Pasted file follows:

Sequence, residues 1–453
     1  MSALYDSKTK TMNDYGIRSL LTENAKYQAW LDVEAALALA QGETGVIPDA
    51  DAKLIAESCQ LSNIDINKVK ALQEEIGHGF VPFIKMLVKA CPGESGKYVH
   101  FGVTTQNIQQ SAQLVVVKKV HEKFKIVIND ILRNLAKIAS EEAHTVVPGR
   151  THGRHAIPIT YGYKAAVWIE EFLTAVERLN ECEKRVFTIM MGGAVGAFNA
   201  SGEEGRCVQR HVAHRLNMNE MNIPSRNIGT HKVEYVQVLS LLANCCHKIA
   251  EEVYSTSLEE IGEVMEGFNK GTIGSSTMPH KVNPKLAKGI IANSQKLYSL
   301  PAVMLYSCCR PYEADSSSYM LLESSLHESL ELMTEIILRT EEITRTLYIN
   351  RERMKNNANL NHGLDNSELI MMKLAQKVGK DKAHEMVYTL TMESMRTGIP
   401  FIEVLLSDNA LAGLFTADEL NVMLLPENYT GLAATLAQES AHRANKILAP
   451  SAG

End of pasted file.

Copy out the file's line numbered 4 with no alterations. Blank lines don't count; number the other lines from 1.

   101  FGVTTQNIQQ SAQLVVVKKV HEKFKIVIND ILRNLAKIAS EEAHTVVPGR